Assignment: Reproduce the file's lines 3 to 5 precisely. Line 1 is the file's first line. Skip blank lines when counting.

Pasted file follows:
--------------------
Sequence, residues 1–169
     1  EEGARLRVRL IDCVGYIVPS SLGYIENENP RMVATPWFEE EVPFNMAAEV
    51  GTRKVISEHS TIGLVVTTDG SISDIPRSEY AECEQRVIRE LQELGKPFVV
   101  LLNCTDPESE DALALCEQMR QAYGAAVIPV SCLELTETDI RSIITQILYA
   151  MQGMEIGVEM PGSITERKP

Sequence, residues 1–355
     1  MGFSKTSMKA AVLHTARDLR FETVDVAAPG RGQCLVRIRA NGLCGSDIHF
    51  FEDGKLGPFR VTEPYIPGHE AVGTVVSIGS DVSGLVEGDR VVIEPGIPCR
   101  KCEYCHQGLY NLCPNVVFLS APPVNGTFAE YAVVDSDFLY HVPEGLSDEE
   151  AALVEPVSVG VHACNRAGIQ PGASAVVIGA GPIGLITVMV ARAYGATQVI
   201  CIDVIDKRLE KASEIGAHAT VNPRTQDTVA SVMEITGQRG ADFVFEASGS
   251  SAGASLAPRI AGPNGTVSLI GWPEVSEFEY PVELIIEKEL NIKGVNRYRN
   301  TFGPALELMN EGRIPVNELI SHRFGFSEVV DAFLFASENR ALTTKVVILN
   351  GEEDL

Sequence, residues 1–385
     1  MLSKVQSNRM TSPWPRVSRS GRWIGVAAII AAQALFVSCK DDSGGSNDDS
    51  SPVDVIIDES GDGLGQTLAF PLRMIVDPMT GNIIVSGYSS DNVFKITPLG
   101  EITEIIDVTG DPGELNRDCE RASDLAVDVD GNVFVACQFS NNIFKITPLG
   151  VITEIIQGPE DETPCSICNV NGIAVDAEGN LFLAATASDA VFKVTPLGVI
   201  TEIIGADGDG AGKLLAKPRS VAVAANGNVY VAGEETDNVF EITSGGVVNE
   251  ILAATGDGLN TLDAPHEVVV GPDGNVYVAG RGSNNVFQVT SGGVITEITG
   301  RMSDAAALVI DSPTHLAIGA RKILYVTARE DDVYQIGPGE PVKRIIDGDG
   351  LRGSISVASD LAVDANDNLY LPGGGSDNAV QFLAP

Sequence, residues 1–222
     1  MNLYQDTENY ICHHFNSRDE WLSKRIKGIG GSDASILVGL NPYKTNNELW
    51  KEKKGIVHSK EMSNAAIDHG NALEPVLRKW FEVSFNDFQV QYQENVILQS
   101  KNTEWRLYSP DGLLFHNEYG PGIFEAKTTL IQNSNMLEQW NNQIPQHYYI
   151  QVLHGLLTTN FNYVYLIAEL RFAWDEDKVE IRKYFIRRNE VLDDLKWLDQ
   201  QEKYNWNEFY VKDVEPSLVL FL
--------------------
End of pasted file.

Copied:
    51  GTRKVISEHS TIGLVVTTDG SISDIPRSEY AECEQRVIRE LQELGKPFVV
   101  LLNCTDPESE DALALCEQMR QAYGAAVIPV SCLELTETDI RSIITQILYA
   151  MQGMEIGVEM PGSITERKP